Better than the Market
A Room Full of All-Stars and COVID Depression
I write this letter on my way home from Steamboat Springs, Colorado, where I spoke to the fascinating “GoBundance” group of mostly young, successful, enthusiastic entrepreneurs. Before that I was in Grand Lake Stream, Maine, for the Camp Kotok economics/fishing retreat. I’ll have some details for you later. Today we will look back a few months to a Strategic Investment Conference presentation that truly affirms my optimistic outlook for both business and humanity.
You’ve probably heard of Ron Baron, founder of Baron Funds which has grown to a stable of not just mutual funds but a variety of private investments and Ron’s own capital—something like $50 billion in total. Ron is a legendary investment genius and we were thrilled to have him on the SIC virtual stage, where my good friend David Bahnsen ably interviewed him.
Below I’ll give you some extensive quotes from that session’s transcript, interspersed with comments from me. The GoBundance event reminded me of Ron’s enthusiasm for fast-growing businesses. While there may only be a few Ron Baron’s, the US has hundreds of thousands if not millions of entrepreneurs trying to build such businesses. The common thread is they all take risks.
Comments in brackets […] are mine. Let’s jump in…
David began by asking Ron what differentiates his philosophy from other managers.
Well, what we try to do is find businesses that we think have a chance to grow a lot. There's something about the businesses that gives them a competitive advantage, that makes it very difficult for other people to do the same thing. We try to invest in exceptional people and then we differentiate ourselves by investing in those businesses for the long term. So, everyone could look at a growth opportunity, but very few people are able to understand or care about a business culture or what its competitive advantages are, and very few, even fewer can invest for the long term. And the reason for that is that it's not so easy to find a Charles Schwab and to invest in it in 1992 and have a cost of 60 or 70 cents a share, and it's now $70… and we still think it's going to 100.
Or to find a Robert Half that we invested in 1990 at less than a dollar a share, and it's $60 or $70 right now. Or find an Elon Musk in Tesla and invest in it for four or five years, when the stock went up and down dramatically. We invested $380 million. Market cap then was 35 billion. So we invested $385 million, which at the time we had $21 billion of assets under management, so it was 1.5% of our assets. And people would say, "Why are you investing in that crazy man? Why are you investing in that company, it's so volatile?" And what happened is that business over the next... we invested between 2014 and 2016, we bought and since it’s split five for one.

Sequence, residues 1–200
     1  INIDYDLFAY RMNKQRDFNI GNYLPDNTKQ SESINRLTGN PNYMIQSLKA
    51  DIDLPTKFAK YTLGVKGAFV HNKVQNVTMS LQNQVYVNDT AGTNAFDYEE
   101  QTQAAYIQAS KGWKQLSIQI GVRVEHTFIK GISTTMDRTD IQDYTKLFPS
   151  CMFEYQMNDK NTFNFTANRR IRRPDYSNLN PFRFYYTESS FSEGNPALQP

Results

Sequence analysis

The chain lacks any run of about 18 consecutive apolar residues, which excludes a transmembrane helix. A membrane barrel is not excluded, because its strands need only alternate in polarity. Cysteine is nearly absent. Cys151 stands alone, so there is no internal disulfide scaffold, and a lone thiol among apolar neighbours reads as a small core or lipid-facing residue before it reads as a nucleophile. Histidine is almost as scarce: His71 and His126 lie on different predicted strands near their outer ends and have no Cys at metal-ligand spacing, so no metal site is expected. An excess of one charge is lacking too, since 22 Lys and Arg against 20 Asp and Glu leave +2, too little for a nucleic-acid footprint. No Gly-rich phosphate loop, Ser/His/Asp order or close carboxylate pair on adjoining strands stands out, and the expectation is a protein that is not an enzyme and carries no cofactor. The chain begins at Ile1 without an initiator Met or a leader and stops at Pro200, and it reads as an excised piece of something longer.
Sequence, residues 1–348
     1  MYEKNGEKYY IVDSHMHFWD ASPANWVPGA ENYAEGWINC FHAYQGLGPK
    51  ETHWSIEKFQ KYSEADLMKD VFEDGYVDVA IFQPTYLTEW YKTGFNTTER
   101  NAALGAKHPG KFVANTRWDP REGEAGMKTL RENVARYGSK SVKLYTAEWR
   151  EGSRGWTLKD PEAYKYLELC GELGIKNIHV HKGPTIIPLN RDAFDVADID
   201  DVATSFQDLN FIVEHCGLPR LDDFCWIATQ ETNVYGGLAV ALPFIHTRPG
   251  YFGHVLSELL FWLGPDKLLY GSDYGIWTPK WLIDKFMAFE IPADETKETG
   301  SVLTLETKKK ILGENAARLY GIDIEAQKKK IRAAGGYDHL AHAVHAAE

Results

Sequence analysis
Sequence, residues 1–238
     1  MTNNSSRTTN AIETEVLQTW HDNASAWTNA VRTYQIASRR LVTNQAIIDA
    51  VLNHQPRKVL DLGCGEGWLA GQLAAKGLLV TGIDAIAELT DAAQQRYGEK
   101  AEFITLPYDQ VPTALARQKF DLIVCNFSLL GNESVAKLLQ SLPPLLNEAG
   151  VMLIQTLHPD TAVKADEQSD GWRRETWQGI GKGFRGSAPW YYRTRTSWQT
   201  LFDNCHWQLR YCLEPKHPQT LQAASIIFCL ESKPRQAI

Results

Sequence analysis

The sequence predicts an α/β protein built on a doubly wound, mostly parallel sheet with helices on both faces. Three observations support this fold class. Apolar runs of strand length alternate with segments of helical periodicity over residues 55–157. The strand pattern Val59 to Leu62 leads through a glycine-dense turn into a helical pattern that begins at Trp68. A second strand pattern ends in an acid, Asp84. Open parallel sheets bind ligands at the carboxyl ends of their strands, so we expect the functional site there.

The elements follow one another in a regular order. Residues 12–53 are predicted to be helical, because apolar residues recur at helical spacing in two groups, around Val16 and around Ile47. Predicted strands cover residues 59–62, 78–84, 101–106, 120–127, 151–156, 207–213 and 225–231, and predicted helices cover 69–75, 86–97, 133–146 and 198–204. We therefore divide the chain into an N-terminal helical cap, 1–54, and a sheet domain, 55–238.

So our cost for eight million shares was about $43, $44 a share, and the stock would go up and down like a yo-yo. But the business grew 10 times from 2014 when we bought it, 2014–2016 over those two years and grew 10 times as of last year in business and in revenues. But the stock price almost was unchanged, then all of a sudden it went up 20 times. Now it's up 15 times. Now it's about 650, 620, 630. I think it's going… but it's down from 900, but we never... the only stock we've sold is for our clients. We've sold 20% of our shares at an average price of 650. But the reason we sold was not because we were pessimistic about the prospects for the business, it had just become too large of a position of the portfolio for the clients who were holding it in our funds. You can see how that can happen [when a stock more than doubles]. But for myself, I own a million shares, 1,150,000 actually, that I bought after all of our clients bought. I have not sold a share personally, and I don't expect to for 10 more years. So how can someone be willing to hold a stock that he thinks in the short term or she thinks in the short term could go from 900 to 600 and not worry about getting fired? And I don't worry about getting fired because I'm not going to fire myself until clients do.
So, we think that in the case of Tesla, we're going to make another triple in the next 10 years, not 20 times, a triple, maybe four times. SpaceX is the one I'm really excited about now that we invested in, started about two or three years ago, started with a market cap of about $35 billion. It's now $75 billion. I think that we're going to make 30 times in the next 10 years. So that's a $70 billion market cap presently, and I think has a chance to be $2 trillion. It's certainly going to be $1 trillion. So, 15 to 30 times to 40 times, I don't think I'm going to ever sell that stock in my lifetime.
This is so important. Ron doesn’t look for stocks to sell higher. He looks for solid businesses that will grow. The stock price will take care of itself if they do.
You may notice he talks about owning SpaceX, which hasn’t even gone public. The owners are Elon Musk and an assortment of wealthy individuals and institutions. Having access to those kinds of opportunities is a big advantage now, one (sadly) not available to small investors.
JM: Certain kinds of funds, which you might think hold only publicly traded stocks, also allocate small slices to private companies they think will grow exponentially and eventually go public. Curiously, I find myself investing alongside them sometimes. You really do want to find visionary managers…